Blackberry Bids Its Smartphones Farewell
BlackBerry bid adieu to its smartphone division just a few days ago and while the company will continue to develop their software division, their smartphones and tablets are no more. By putting an end to its hardware section, the company hopes that it can transition more successfully to a primarily software company.
According to a statement by BlackBerry CEO John Chen, the company will be focusing more on developing security and a range of applications. The company will however be outsourcing its hardware manufacturing to its partners in order to reduce their capital requirements and hopefully in turn increase their returns on the capital that has been invested so far.
While at one point almost every other person owned a BlackBerry, since 2013, the market share of the company has dropped to a dismal less than 1 percent. So while it is still a sad farewell, the final death toll of the BlackBerry smartphone was much expected.
Though BlackBerry held most of the market share at one point of time, they were unable to ever anticipate the direction which the smartphone trends would grow in. With competitors like Apple and Samsung entering the market at that time, the business phone company with its physical keyboards slowly became more and more obsolete.
The problems began for BlackBerry back in 2011 when it was still making popular models like the Curve, Pearl and the business favourite, the BlackBerry Bold. While the company was making smaller versions of these phones, companies like Samsung and Apple were releasing their phones with bigger touchscreen displays that has higher quality resolutions. These companies were also working on numerous applications at that time and unfortunately BlackBerry failed to get its foot in the door, let alone jump into the game.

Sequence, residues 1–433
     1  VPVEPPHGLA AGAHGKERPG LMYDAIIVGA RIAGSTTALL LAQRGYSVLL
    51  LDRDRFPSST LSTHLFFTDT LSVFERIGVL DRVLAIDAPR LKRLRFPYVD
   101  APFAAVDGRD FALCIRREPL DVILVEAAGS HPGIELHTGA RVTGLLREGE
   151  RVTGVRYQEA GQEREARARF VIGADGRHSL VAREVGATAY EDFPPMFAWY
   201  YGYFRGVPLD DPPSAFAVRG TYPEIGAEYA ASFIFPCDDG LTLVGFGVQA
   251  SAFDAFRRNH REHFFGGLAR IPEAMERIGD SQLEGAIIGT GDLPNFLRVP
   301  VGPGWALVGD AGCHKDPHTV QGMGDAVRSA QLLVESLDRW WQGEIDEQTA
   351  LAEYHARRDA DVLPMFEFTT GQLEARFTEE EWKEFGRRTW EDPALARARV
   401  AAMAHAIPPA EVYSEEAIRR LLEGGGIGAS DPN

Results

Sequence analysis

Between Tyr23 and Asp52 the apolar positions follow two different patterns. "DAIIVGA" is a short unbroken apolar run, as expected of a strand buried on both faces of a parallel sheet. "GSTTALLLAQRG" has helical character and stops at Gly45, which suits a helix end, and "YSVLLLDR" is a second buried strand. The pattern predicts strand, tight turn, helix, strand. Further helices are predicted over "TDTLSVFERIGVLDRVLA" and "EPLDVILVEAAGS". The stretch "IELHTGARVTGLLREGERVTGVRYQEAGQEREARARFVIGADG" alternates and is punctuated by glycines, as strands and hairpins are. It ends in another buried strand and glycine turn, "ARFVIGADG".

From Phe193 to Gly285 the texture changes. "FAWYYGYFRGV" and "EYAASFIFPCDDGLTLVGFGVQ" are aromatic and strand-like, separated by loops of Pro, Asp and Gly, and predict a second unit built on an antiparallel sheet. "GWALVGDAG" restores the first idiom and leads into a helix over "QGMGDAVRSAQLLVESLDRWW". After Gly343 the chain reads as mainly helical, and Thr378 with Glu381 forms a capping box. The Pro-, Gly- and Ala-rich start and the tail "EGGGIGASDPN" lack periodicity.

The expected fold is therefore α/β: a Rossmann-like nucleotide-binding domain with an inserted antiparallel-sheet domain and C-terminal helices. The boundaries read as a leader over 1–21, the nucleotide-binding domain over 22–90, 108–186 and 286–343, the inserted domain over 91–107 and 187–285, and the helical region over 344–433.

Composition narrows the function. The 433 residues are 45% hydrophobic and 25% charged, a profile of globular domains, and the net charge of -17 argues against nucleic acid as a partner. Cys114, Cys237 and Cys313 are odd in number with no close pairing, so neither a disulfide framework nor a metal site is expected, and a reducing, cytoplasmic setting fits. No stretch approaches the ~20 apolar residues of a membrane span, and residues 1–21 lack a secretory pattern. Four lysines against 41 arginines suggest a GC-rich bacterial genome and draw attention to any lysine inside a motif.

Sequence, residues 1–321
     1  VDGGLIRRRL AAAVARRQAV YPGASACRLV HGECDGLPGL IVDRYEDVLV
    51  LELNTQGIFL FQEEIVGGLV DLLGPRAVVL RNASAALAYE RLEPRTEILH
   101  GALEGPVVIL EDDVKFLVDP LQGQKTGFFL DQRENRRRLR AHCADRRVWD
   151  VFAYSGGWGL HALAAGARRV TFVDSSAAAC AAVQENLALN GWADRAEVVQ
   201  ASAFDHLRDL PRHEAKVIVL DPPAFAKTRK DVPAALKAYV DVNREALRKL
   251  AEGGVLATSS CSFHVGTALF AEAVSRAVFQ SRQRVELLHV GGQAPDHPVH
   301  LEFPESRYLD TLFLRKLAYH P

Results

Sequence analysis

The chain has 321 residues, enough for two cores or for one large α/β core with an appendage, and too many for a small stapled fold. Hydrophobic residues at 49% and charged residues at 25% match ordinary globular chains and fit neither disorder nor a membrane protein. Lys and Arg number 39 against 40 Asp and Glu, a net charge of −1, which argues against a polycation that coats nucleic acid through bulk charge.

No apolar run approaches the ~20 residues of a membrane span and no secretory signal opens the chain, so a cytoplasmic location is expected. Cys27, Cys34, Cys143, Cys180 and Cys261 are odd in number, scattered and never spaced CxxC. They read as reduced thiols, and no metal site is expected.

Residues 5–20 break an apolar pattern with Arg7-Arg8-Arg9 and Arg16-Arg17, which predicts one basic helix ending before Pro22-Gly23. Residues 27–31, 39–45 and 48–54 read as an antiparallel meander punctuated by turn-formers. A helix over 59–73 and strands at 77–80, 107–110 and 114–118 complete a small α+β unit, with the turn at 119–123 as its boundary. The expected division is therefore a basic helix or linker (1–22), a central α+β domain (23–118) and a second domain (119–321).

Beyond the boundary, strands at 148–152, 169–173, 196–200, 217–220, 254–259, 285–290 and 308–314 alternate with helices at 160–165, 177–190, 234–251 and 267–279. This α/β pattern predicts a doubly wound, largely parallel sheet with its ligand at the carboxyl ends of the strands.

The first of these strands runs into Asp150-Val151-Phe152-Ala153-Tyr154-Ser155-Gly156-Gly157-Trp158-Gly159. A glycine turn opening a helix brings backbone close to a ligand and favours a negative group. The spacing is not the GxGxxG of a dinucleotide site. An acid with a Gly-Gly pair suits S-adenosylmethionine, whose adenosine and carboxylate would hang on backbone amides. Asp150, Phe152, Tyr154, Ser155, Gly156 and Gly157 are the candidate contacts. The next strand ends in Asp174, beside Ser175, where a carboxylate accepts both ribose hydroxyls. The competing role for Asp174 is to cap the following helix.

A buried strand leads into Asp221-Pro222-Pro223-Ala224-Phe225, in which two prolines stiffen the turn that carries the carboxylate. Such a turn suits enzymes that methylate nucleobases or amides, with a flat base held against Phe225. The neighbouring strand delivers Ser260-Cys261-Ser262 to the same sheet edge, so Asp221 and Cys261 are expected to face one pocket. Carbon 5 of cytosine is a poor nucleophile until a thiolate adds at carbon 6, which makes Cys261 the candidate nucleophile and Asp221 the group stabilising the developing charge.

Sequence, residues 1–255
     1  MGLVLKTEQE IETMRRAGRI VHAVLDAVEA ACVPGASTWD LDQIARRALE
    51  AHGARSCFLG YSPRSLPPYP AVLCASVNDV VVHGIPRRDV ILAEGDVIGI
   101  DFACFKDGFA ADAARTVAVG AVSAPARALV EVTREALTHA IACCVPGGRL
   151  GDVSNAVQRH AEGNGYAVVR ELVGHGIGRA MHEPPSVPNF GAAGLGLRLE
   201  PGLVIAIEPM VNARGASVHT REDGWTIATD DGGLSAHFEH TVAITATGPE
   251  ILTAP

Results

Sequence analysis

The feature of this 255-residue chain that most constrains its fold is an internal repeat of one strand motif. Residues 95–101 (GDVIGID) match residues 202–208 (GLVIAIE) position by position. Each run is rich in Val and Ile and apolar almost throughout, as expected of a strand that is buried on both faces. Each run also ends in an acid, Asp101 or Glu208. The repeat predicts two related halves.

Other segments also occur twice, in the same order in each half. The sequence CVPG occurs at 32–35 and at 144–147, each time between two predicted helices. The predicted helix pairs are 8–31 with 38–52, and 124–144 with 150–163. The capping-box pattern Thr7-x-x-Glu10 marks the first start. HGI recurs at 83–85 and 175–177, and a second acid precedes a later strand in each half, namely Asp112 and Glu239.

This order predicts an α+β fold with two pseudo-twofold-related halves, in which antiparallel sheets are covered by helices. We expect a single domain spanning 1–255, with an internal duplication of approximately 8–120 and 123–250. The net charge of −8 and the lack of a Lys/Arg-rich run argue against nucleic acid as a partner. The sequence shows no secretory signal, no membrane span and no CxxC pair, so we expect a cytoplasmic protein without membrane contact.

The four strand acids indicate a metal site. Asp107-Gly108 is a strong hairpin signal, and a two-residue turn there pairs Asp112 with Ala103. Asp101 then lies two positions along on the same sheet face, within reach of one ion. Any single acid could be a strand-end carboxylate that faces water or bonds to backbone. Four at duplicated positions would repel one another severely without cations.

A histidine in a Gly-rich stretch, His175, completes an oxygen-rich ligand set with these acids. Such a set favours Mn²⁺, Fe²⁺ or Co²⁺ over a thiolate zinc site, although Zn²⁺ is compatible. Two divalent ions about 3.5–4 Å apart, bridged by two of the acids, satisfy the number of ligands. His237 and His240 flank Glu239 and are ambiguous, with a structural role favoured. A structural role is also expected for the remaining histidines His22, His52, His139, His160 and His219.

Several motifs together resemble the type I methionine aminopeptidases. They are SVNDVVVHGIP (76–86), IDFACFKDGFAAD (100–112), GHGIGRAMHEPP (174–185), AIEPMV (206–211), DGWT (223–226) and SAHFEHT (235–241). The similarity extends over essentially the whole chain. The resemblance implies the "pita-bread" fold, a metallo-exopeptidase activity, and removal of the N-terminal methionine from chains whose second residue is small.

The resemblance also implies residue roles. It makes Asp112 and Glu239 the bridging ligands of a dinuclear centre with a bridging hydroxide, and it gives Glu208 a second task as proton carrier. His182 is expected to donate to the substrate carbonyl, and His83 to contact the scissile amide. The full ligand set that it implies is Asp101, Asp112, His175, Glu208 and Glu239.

Though models like the BlackBerry Priv were released more recently, they did not do well as the price was too high and the physical keyboard was not a feature that the current generation shared any sentiment for.
As the majority of the market was young and growing, BlackBerry should have jumped on the bandwagon for a fully touchscreen device. Unfortunately it was instead left behind and had to ultimately declare its smartphone business as dead.
Picture courtesy – cdn.com
by techtalks @TechTalks October 17, 2016 9:41 AM UTC